AUSTIN (KXAN) — Jajuan Curtis sat on the steps in the courtyard of his apartment on the northside of Austin Thursday afternoon, relieved he was finally able to take a hot shower in his apartment and turn on the heat.
Curtis and his neighbors have gone without hot water, heat — and for some a working stove — for nearly five weeks.
Weeks before Thanksgiving, the Texas Gas Service cut off the gas to his apartment, Midtown Flats, after a gas leak was discovered in the pipes of the building. It was turned back on a little more than a week before Christmas on Dec. 15.
“With the showers and stuff, I put a pot on the stove,” said Curtis. “Put it on there, let it get warm, put it in a little Tupperware, and I just take a bath like that.”
The gas leak is the latest in a months-long saga at Midtown Flats, according to Curtis, including rat infestations in August and early October. City records show the apartment has been issued at least eight violations from Austin Code since 2020. The apartment is not listed on the city’s Repeat Offender List, which proactively inspects apartments that have routinely been issued violations.
The president of the management company over Midtown Flats, Lyndsay Hanes, said setbacks with ‘ineffective’ plumbers led to the complex going nearly five weeks without utilities. Hanes said the gas leak itself was caused by a nearby construction crew doing a dig test. The rodent problem, Hanes said, was an inherited issue from the last management company that they are working to address.
“This is a really rough situation. And trust me, we felt terrible,” said Hanes. “Our first priority was to get the system up and functional. We did bring everybody dinner around the courtyard five different evenings. But we were mostly focused on getting the system repaired as quickly as we possibly could. And that is what we’ve done to date. The households that were most affected, the ones that did not have working stoves are being offered a rent discount for the inconvenience.”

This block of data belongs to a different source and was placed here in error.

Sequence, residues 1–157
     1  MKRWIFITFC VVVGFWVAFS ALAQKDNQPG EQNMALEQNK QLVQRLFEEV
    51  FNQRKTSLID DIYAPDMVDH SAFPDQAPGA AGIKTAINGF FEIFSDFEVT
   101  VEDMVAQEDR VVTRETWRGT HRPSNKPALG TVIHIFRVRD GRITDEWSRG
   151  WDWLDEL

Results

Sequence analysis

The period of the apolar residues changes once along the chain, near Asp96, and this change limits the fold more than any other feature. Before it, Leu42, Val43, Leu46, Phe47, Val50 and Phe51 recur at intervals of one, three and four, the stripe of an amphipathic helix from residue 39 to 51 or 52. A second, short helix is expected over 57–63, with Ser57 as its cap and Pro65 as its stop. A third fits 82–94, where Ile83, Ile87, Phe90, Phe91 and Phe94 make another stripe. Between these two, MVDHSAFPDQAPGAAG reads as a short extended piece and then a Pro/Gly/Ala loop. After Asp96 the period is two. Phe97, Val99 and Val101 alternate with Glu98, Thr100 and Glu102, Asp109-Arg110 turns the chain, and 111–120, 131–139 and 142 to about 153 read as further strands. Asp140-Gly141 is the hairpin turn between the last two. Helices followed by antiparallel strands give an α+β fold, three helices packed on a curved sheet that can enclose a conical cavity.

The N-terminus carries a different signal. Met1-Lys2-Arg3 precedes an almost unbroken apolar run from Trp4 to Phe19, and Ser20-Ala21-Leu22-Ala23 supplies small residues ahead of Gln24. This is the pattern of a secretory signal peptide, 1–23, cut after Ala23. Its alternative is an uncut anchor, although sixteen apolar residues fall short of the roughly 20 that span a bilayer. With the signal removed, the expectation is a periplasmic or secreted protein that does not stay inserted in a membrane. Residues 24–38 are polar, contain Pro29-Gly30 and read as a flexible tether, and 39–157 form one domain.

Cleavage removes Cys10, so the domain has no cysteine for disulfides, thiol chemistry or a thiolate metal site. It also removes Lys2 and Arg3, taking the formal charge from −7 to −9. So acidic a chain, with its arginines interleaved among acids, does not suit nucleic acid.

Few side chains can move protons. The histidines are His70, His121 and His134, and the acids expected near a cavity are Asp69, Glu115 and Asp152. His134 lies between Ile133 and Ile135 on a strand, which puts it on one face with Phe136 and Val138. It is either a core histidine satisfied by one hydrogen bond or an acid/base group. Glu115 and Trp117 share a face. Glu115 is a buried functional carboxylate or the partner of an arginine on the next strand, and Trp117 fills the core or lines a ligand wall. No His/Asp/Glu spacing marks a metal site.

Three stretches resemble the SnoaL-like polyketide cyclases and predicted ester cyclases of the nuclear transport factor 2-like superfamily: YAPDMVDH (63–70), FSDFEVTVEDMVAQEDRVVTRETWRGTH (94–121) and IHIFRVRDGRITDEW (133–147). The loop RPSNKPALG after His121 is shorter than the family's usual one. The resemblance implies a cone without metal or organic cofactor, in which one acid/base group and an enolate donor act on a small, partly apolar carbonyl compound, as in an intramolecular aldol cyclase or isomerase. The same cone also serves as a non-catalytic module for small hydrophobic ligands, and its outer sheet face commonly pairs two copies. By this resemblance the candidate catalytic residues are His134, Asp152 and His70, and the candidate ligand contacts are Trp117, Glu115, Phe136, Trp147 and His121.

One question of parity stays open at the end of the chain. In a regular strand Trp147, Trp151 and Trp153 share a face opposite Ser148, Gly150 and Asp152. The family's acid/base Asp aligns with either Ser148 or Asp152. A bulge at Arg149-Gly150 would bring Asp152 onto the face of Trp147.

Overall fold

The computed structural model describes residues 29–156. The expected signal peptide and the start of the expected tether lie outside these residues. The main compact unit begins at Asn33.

Ten minutes away from Curtis’ is another complex that also went for weeks without utilities. The people living at Ashford Costa Azure in north Austin also celebrated the Thanksgiving holiday without heat, hot water or working stoves. The service was turned on Dec. 2 after nearly three weeks.
Austin Code said the complex was offering alternatives to residents, like hot plates and heaters, while repairs were being made to the gas lines. But residents told KXAN no such accommodations were offered to them.
Inspectors with Austin Code inspect properties once they receive a complaint, which in both cases came from the residents at the apartment complexes. For code violation cases, Inspectors ask the apartment complex management for action plans to accommodate tenants while repairs are being made to avoid going in front of the Buildings and Standards Commission where hefty fines can come down on landlords. But it can take months before an apartment gets to the point of being fined – even as renters go without basic utilities.
“There may be an extension granted. It could be 45 days or 90 days just depending on how they are accommodating those tenants,” said Austin Code Division Manager Matthew Noreiga.
Mincho Jacob works for BASTA, a nonprofit whose mission is to help renters experiencing housing issues. Jacob said renters going weeks without utilities with little to no accommodations offered during major construction and maintenance is common, especially in the more affordable areas of Austin.
“The rights of tenants are very low compared to the rest of the country, especially when you are dealing with things like utility outages, AC goes out in the middle of the summer and people say ‘that should not be the case. It should be illegal.’ It’s not,” said Jacob. “And it’s really hard to get it escalated for code to do something about it.”
Jacob suggests tenants organize and diligently document the maintenance issues to get code inspectors to step in quicker.
“When tenants are advocating for themselves, if you call code every time there is an issue if you make repeated work requests and you have docs of that then the system does work better in favor of the tenant,” said Jacob.
Curtis plans to move out of Midtown Flats as soon as his lease is up. He said the long wait for hot water and heat has pushed him to find a better place.
“They could’ve handled it better. They didn’t but they should’ve,” said Curtis.